<p>Contact: Tony Newman 646-335-5384 or Ethan Nadelmann 646-335-2240</p>
The annual session of the OAS General Assembly is being held this June 4-6, in Antigua, Guatemala, with drug policy reform as the principal item on the agenda. Foreign ministers and other government officials from throughout the region will be in attendance, including U.S. Secretary of State John Kerry, Assistant Secretary for the Bureau of International Narcotics and Law Enforcement Affairs William R. Brownfield, and Drug Czar Gil Kerlikowske.
The Organization of American States (OAS) released a report two weeks ago that envisions possible scenarios for future drug control policy. The OAS secretary general, José Miguel Insulza, presented it Colombian President Juan Manuel Santos at the Casa de Nariño (the Colombian White House). The report – “Scenarios for the Drug Problem in the Americas, 2013-2025” – presents four possibilities for how drug policy could evolve in the Americas, most of which break from the current U.S.-led approach. The report is the first of its kind, providing a thoughtful and detailed visualization of alternatives to the existing drug prohibition regime.
The OAS received its mandate at last year’s Summit of the Americas in Cartagena following a discussion among the presidents about the need for new drug control policies that could better reduce the violence and other negative consequences of prohibitionist policies. With some presidents speaking openly in favor of legal regulation of currently illegal drugs, President Obama acknowledged that ending prohibition is “a legitimate topic for debate” and also stated: “I think it is entirely legitimate to have a conversation about whether the laws in place are ones that are doing more harm than good in certain places.”
“Secretary of State John Kerry now faces a challenge somewhat similar to that of Attorney General Eric Holder,” said Ethan Nadelmann, executive director of the Drug Policy Alliance. “Just as Mr. Holder needs to figure out a way for the Justice Department to allow Colorado and Washington to implement the marijuana legalization initiatives, so Mr. Kerry needs to respond constructively to the Latin American presidents who are demanding a new dialogue about alternatives to failed U.S. prohibitionist policies.”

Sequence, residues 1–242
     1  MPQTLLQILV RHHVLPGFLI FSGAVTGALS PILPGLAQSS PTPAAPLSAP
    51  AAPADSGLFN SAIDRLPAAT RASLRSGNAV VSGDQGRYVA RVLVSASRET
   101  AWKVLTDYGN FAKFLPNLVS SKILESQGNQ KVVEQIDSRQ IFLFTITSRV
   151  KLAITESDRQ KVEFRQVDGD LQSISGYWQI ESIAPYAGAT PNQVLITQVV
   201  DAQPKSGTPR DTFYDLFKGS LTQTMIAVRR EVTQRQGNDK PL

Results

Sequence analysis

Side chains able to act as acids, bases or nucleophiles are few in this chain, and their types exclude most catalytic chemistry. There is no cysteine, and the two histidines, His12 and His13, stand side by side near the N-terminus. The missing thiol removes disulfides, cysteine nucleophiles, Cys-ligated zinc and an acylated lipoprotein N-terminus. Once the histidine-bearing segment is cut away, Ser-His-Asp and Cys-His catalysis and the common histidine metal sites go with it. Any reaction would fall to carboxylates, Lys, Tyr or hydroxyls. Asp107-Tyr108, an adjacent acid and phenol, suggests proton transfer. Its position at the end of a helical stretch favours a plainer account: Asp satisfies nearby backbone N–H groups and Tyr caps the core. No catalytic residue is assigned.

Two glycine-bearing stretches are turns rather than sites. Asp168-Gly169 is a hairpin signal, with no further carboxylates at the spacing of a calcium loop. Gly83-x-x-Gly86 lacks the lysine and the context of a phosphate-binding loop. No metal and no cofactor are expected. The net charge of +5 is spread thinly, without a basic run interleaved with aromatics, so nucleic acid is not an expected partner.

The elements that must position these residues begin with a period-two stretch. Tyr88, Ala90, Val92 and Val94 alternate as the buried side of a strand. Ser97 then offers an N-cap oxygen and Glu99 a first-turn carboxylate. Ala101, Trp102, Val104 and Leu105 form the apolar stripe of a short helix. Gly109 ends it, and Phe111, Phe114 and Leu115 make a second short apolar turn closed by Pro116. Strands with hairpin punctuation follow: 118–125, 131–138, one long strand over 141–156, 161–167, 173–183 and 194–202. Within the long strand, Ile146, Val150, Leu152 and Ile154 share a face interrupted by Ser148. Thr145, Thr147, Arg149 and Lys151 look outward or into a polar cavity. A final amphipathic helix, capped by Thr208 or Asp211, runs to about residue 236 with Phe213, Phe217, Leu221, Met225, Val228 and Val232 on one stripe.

In 2009, former presidents Fernando Henrique Cardoso (Brazil), César Gaviria (Colombia) and Ernesto Zedillo (Mexico) joined with other members of the Latin American Commission on Drugs and Democracy in saying the time had come to “break the taboo” on exploring alternatives to the failed war on drugs. In 2011, those presidents joined with former UN Secretary General Kofi Annan, former U.S. Secretary of State George Shultz, former Federal Reserve Board chairman Paul Volcker, former Swiss President Ruth Dreifuss and other members of the Global Commission on Drug Policy in calling for fundamental reforms to national and global drug policies. Former presidents Jimmy Carter, Ricardo Lagos (Chile), Vicente Fox (Mexico) and Aleksander Kwasniewski (Poland) were among those who seconded their recommendations. Beginning in late 2011, current presidents began to join the calls of their predecessors. These included President Santos in Colombia, Otto Perez Molina in Guatemala, José Mujica in Uruguay and then-President Felipe Calderón of Mexico.